I'll wax lyrical about that engine forever: because it's that good. Yes, you can't brag about having 1000Nm of torque but the R8 stands out (along with its Lamborghini Huracan cousin) as one of the greats.

It combines bold looks, a quality cabin and a V10 engine to stamp its authority in the supercar game.

When Audi launched the first generation R8, the V10 engine option pushed into the supercar league. With the new car, the firm's motorsport knowledge has been channelled into the second-generation to make it stand out. 

In fact we'll see an even faster version of the R8 in the future, claims the automaker. 

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How much will it set you back? 

R8 V10: R2 630 500
R8 V10 Plus: R2 970 000

Audi SA is hoping to sell close to 50 units before the end of 2016 and most pre-orders (70% in fact) have been for the V10 Plus derivative. 

A glance at some of the standard kit available: 

R8 V10:

  • 19“ 5-V-spoke design wheels
  • Bluetooth interface
  • MMI Navigation plus with MMI touch
  • Audi Virtual cockpit
  • Bang & Olufsen Sound system
  • Deluxe automatic air-conditioning with sun sensor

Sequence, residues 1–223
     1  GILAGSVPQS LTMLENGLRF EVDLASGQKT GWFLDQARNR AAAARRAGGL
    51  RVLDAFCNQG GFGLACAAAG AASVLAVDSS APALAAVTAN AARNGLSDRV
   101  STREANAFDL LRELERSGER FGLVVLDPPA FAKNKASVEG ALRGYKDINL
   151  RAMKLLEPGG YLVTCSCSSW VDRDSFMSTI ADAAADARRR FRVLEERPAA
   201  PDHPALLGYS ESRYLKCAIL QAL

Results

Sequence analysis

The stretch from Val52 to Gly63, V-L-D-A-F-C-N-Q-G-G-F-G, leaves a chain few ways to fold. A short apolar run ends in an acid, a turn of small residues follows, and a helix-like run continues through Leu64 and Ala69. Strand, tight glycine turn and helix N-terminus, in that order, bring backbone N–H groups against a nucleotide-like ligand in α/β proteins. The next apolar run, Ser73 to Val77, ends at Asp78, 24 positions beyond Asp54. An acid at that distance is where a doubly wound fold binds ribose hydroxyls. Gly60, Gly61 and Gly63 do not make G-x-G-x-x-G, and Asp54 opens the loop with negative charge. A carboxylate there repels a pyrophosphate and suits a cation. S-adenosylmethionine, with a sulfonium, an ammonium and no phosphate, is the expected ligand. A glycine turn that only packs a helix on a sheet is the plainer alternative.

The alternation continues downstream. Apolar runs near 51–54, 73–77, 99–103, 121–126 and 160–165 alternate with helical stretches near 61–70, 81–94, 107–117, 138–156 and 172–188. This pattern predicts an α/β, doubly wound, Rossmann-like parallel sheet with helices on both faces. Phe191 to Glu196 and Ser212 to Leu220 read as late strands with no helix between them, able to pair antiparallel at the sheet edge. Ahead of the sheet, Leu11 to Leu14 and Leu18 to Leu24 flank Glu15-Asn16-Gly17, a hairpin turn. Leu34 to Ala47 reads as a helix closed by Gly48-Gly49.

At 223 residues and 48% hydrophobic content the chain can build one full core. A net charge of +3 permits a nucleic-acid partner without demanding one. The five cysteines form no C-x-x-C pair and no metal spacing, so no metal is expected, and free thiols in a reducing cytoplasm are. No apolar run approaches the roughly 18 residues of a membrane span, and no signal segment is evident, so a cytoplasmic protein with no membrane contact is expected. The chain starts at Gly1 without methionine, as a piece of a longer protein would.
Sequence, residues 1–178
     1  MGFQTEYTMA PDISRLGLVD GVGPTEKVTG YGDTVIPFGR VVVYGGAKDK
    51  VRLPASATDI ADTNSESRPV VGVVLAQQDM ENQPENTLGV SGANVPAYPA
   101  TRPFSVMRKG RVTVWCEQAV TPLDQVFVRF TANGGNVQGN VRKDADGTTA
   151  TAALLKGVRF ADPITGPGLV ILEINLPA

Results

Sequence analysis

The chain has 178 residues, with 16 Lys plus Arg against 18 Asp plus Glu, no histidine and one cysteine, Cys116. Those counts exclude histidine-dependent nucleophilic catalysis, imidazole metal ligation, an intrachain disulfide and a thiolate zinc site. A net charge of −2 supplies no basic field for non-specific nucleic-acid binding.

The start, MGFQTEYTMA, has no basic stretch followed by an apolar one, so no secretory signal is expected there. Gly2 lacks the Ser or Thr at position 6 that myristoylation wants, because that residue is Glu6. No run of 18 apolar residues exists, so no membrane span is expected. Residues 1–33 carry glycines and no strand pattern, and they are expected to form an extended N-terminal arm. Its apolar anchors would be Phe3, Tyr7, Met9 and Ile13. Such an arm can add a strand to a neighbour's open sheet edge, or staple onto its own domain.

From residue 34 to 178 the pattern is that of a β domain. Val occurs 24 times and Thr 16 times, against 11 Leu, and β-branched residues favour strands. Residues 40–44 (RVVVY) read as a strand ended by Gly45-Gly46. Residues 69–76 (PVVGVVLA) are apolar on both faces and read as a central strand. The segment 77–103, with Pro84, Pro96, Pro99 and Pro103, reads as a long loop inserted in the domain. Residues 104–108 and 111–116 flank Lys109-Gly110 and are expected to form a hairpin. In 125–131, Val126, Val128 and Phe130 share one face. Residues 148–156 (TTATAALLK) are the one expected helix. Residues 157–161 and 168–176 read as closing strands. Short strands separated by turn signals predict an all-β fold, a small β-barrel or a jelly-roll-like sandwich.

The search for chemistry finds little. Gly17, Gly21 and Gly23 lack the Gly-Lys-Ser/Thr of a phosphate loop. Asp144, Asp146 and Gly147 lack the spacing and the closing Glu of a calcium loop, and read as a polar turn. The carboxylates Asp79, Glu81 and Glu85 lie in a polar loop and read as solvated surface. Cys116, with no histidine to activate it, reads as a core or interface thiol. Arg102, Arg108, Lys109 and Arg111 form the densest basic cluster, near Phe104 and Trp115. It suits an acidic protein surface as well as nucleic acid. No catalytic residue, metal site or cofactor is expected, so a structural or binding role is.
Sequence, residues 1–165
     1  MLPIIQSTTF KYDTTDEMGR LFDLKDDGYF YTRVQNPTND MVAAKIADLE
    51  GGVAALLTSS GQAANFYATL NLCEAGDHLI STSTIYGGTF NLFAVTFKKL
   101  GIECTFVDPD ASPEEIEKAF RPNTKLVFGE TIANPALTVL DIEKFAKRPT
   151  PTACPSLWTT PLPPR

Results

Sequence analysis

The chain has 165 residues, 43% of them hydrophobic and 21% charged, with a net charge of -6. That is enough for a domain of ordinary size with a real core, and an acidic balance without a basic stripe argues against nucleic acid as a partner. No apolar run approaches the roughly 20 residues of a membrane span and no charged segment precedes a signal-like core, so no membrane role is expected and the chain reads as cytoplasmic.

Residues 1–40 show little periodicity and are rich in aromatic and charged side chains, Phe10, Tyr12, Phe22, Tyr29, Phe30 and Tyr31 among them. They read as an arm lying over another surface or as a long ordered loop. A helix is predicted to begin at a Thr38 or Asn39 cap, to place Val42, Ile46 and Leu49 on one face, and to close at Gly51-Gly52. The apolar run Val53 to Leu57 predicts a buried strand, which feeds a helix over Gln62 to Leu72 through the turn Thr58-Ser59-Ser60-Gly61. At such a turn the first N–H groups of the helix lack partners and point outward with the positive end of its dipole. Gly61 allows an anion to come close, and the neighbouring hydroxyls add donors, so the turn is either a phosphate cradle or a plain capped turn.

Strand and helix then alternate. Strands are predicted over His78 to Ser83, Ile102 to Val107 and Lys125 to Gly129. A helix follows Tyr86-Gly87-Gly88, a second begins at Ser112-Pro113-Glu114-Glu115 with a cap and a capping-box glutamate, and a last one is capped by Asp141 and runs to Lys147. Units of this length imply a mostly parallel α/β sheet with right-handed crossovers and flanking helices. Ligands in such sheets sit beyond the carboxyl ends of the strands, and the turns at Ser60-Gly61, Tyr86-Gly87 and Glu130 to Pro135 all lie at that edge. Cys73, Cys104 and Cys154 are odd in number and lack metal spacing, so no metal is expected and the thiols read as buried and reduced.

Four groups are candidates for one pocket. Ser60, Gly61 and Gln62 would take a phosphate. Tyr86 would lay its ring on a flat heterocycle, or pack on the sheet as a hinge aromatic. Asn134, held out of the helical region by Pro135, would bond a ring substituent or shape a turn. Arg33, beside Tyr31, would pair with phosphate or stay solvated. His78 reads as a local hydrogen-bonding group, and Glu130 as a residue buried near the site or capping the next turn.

• Fine Nappa leather for R8 Sport seats
  • Seat heating
  • Seat belt monitoring

R8 V10 Plus:

  • Ceramic brakes
  • Exhaust system with tail pipe trims in gloss black
  • Inlays in carbon
  • Leather package
  • Rear wing
  • RS sports suspension
  • 19“ 5-twin-spoke design wheels
  • MMI Navigation plus with MMI touch
  • Bang & Olufsen Sound system

More RS models on the way

Audi will continue with its gung-ho approach with the RS brand as it launches four new models in 2017: these include the R8 Spyder, TT RS, RS3 sedan and the RS5 Coupe.

'Halo dealers'

13 dealers around the country have been handpicked to house Audi Sport 'centres'.

Eight are in Gauteng, which, according to Audi research occupies 60% of the performance car market (including BMW M and Mercedes-AMG). Two in KwaZulu-Natal and the Western Cape and one in the Eastern Cape have also been handpicked. 

Here, fans of the RS moniker can swoon over the cars and chat to salesmen who have undergone extensive training with their product. In fact Audi has even made the salesmen obtain a racing track licence. Talk about investing in one's employees.